Coquitlam principal inspires kids to love fitness

By The Tri-City News
Published: March 17, 2015 10:00 AM
Updated: March 17, 2015 10:4310 AM


The statistics about Canada's sedentary kids are worrying but local schools are working overtime to fill in the fitness gap.

And one school finds morning the best time for relays, free play and exercise to music.

At Ranch Park elementary in Coquitlam, students have two opportunities to be physically active before the start of their school day — and for one group of 40 kids, it was the best part of their morning when The Tri-City News visited.

"It's fun, it gets us ready for the day," said Kaia Caldwell, a Grade 5 student, who was flushed and smiling after playing a fast relay game during the school's 35-minute BOKS (Build Our Kids' Success) program led by principal Don Hutchinson.

The national program, which was founded by Kathleen Tullie and is in its second year at Ranch Park, is just one of several opportunities for kids to be active at the elementary school of 225 students.

Although it just sounds like fun, keeping kids active throughout the day for short periods is critical, especially now when the latest McCreary Centre Society Adolescent Health Survey shows some worrying statistics about teen activity levels.

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They are dropping, according to the latest report, and the 2014 Active Healthy Kids Canada, Report on Physical Activity for Children and Youth suggested similar worrying trends.

But at this Coquitlam elementary school, staff are making sure kids are active throughout their school day.

Following BOKS, the entire school joins in a workout session set to music called Power Up. Then, there are other fitness breaks throughout the day - not the boring workouts that adults are used to but fun activities that encourage play.

It seems counter-intuitive to rev kids up just before they sit down to class, however Hutchinson said physical activity doesn't distract but encourages on-task behaviour.

And while exercise doesn't make kids smarter, it does prepare their brains for learning. Numerous studies also link physical activity of youth and adults with better mental health.

And the McCreary Centre Society Adolescent Health Survey published last month for Fraser North noted that sports and exercise were two of 17 protective factors for youth, along with good nutrition, eight or more hours of sleep per night, and feeling engaged and connected.


"We have noticed it makes a difference with our kids," said Hutchinson, who has spent most of his career trying to create more opportunities for kids to be active. He regularly takes his message on the road, teaching other educators about the benefits of Power Up, and is a member of two national boards promoting kids health and physical activity: DASH BC and Physical Health and Education Canada.

He is not surprised at the recent McCreary results that showed few youth in Fraser North, including those in School District 43, meet Canadian guidelines of one hour of moderate to vigorous physical activity per day for people aged 12 to 17 years of age.

Just 15% met the standard, according to the survey, and fewer students are involved in organized sports and activities, such as dance, and kids are doing less informal sport activities — such as skateboarding, hiking and road hockey — than they were five years ago.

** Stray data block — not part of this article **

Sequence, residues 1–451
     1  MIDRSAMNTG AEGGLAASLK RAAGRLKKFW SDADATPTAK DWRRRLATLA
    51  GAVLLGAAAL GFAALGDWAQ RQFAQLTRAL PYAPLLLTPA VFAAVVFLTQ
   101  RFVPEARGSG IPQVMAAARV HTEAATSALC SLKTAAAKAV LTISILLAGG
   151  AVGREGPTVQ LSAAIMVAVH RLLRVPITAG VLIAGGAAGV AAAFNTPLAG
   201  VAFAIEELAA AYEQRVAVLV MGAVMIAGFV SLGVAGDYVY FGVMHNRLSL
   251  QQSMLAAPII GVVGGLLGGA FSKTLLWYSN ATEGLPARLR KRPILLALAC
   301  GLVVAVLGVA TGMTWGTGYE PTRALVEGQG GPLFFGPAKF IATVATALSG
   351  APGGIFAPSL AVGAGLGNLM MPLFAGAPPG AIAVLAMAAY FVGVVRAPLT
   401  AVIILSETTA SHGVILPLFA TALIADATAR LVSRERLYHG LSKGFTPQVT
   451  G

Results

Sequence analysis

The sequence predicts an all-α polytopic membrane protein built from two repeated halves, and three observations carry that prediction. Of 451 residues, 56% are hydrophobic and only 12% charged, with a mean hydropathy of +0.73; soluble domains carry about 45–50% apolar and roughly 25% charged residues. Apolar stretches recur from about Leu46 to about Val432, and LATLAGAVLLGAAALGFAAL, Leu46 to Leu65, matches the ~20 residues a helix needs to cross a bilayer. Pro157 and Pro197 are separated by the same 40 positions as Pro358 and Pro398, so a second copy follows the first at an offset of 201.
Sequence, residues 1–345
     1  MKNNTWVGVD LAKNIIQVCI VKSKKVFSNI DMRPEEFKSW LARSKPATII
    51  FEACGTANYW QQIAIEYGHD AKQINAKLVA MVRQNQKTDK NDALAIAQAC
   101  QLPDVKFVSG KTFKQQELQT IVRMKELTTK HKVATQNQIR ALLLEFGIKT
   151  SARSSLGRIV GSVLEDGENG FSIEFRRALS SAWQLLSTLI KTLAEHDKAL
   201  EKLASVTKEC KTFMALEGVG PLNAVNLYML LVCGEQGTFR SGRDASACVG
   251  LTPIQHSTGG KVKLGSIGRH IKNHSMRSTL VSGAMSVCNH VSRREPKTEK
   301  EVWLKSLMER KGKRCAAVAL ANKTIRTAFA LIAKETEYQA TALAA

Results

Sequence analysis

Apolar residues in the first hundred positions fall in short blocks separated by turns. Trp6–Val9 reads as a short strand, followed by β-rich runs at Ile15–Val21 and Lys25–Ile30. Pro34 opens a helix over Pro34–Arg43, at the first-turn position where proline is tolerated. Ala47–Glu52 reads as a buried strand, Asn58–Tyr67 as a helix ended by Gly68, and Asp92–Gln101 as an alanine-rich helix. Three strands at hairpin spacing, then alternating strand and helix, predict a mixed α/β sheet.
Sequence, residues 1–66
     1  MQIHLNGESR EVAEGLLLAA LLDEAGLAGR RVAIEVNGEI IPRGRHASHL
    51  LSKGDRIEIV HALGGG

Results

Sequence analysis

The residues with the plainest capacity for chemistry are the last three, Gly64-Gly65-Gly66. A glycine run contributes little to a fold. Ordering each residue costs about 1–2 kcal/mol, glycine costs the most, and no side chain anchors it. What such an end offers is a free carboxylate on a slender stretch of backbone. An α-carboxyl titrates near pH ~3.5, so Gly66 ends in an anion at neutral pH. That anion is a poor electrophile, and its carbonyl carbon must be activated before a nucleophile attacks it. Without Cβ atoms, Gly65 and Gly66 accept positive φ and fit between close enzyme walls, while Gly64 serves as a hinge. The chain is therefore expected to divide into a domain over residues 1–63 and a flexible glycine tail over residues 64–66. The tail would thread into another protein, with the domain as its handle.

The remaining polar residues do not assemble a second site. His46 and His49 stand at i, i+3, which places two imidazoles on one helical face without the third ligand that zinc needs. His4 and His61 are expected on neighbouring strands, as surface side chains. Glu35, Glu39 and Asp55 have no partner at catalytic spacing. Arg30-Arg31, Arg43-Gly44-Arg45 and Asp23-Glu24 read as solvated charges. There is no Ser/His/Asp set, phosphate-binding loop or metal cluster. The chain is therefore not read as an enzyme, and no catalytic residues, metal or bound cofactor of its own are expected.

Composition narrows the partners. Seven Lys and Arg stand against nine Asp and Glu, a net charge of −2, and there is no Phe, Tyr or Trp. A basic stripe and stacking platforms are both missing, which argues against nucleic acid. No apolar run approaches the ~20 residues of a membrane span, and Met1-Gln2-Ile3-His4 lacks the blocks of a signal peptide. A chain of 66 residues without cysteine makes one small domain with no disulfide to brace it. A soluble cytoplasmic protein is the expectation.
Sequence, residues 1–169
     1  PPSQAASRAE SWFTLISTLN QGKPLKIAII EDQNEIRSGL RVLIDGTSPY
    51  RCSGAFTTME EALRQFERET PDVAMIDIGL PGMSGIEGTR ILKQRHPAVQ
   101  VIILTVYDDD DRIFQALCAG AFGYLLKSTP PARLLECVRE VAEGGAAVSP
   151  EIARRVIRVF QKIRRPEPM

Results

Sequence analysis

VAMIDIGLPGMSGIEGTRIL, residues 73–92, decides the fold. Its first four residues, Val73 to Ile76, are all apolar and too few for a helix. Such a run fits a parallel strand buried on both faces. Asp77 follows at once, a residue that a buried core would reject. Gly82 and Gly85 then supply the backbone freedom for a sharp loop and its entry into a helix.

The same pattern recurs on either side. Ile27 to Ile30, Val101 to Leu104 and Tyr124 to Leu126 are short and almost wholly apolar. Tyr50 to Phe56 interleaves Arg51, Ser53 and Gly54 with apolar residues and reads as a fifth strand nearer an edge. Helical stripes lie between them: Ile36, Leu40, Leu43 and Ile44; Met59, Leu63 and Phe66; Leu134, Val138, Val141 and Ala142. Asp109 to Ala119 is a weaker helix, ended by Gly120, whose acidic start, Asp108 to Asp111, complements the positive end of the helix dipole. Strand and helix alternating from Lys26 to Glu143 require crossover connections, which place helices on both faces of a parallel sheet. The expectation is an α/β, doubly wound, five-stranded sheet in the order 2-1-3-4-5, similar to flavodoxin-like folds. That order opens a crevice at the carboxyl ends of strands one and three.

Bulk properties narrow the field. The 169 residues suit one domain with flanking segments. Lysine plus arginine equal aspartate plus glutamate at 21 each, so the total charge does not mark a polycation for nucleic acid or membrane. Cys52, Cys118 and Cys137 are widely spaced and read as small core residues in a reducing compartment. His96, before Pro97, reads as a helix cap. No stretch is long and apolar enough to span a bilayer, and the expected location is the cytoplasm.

"We can look back before computers and cell phones, kids were active but even just the demands on kids, too. Academics take away some of the physical activity," Hutchinson said.

The problem, he suggests, is that children and youth no longer play on their own, or walk up to the local rec centre for a game of hoops or pick-up hockey. But even youth who are involved in organized sports aren't as physically active as one might imagine.


According to a recent report card on children's physical activity, only 24% of kids got a full 60 minutes of moderate vigorous activity in one session of soccer and only 2% got this at softball practice while kids on hockey teams spent half the time in practice in moderate to vigorous activity but during an actual game were sedentary nearly a third of the time.

The 2014 Active Healthy Kids Canada, Report Card on Physical Activity for Children and Youth also noted that Canada does well in providing sports opportunities but noted kids still don't get enough activity.

It proposes that adults let them have more time in unstructured play or several opportunities to engage in physical activity throughout the day to build strong minds and bodies.

"In some cases, we may need to step back and do less," the report suggests.

Hutchinson's overarching philosophy is to get kids active throughout the day and he also encourages families to do things together.


Fraser North statistics from the McCreary Adolescent Health Survey. The survey includes 1,400 responses from Grade 7 to 12 School District 43 students.

(Note: Canadian Physical Activity Guidelines recommend one hour of moderate to vigorous physical activity every day for youth aged 12 to 17).

• Met the guidelines: 15% (19% males, 12% females)

• Met the guidelines: aged 12 or younger — 24%; aged 17 — 10%

• Have not exercised at all in past week: 10% (8% males, 11% females)

• Kids in weekly organized sport: 2013 — 55% (60% males, 50% females); 2008 —60%

• Kids in weekly informal sport: 2013 — 55%; 2008 — 67% (informal sport is characterized as road hockey, hiking and skateboarding)

• Kids in weekly yoga, dance or exercise: 2013 — 18% (7% males, 29% females) 2008 23%

• Why kids didn't exercise: main reason — too busy: 42% males 53% females



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